NEW YORK — In the early months of the recession, human resources consultants advised small business owners to take steps to boost their employees' morale, or risk losing them when the economy got better.
That advice still stands.
As the economy weakens, many small companies still aren't able to give out raises. Many are still increasing workloads instead of hiring new staffers. All this is certain to take a toll on employees' already sagging morale.
HR consultants say taking time to talk with your staff and listen to their concerns will go a long way toward helping you keep them. It might also help you make their jobs easier -- and make them more productive.
TALK IS NOT CHEAP
Perhaps the most important thing you can do to help morale is "acknowledging the stresses and circumstances that your employees are feeling," says Arlene Vernon, president of HRx Inc, an Eden Prairie, Minn.-based HR consultancy.
That may sound familiar, because it's the sort of advice consultants were giving out during the financial crisis. They suggested company owners walk around the office, factory or selling floor and talk to workers. Ask them how things are going. Listen to them vent about the economy. See if they have questions about the company.
These chats may not seem important, but they do go a long way toward helping employees feel better. If workers have to sit on their feelings and just put on a bright face all the time, they're just bottling up unhappiness and that can be a big morale-buster.
Employees also need to feel that they're really being listened to, not patronized. That means you need to take in what your workers are saying, and if they are upset about their jobs, see what the problem is and what you can do to help.
DON'T FORGET THE ONE-ON-ONE CONVERSATIONS
Owners also got this advice during the recession: Sit down with each of your workers and have a detailed talk about their jobs. If you have many employees, then your top manager needs to help you with these talks.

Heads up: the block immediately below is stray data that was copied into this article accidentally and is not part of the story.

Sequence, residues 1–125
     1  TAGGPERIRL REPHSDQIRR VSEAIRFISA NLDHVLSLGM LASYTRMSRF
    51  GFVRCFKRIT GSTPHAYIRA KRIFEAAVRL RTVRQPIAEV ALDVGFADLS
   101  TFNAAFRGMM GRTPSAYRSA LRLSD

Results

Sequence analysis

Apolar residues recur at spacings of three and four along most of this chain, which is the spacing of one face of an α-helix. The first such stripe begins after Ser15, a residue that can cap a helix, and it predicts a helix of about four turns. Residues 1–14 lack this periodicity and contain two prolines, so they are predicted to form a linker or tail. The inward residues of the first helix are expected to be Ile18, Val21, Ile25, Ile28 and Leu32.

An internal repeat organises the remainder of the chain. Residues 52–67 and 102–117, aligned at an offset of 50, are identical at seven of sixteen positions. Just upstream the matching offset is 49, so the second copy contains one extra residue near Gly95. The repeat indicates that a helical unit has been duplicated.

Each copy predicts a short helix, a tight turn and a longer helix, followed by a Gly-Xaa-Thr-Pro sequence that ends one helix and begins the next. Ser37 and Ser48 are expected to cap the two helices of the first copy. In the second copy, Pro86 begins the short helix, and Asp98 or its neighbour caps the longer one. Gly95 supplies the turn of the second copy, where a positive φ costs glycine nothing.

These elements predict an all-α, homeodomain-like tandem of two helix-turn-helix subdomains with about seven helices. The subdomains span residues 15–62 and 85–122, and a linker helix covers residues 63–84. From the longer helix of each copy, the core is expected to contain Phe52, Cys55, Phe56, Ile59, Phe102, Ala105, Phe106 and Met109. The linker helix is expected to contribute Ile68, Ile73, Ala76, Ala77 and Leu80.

Some small business owners have fallen out of the habit of checking in with staffers. The excuse is often, "I don't have the time," says Beverly Kaye, an employee retention consultant in Sherman Oaks, Calif. She calls that a smokescreen for the fact that many owners are scared of these conversations.
"I'm afraid if I open the door and say, 'what's going on,' it will open up Pandora's box and problems that I won't be able to solve,'" is the fear many owners have, Kaye says. For example, an employee asks for a raise and there just isn't the money to give them. Just thinking about the conversation makes an owner uneasy.
In that case, Kaye says, an owner needs to ask, "is there anything else I can give you?" And keep asking until you can give staffers something they need or want, like flex-time or a promotion.
And don't forget exit interviews. When a staffer leaves, you need to have an honest discussion about why they're going. Vernon says that owners should be "paying attention to the emotions behind people leaving," learn from them and use that knowledge to be sure that other staffers aren't on the brink of quitting for the same reasons.
Money isn't the only reason for morale problems at work. And, actually, many employees understand that raises are still hard to come by in this economy. The bigger problem may be that as you've had to cut back, you've asked your workers for more than they can reasonably get done. Even your hardest workers will feel bad if they can't get the work done well because there's too much of it.
Vernon says owners need to tell workers, "let's look at your job structure and see what we can do." And, to let them know how you would change their jobs when the economy does get better and you get more business.
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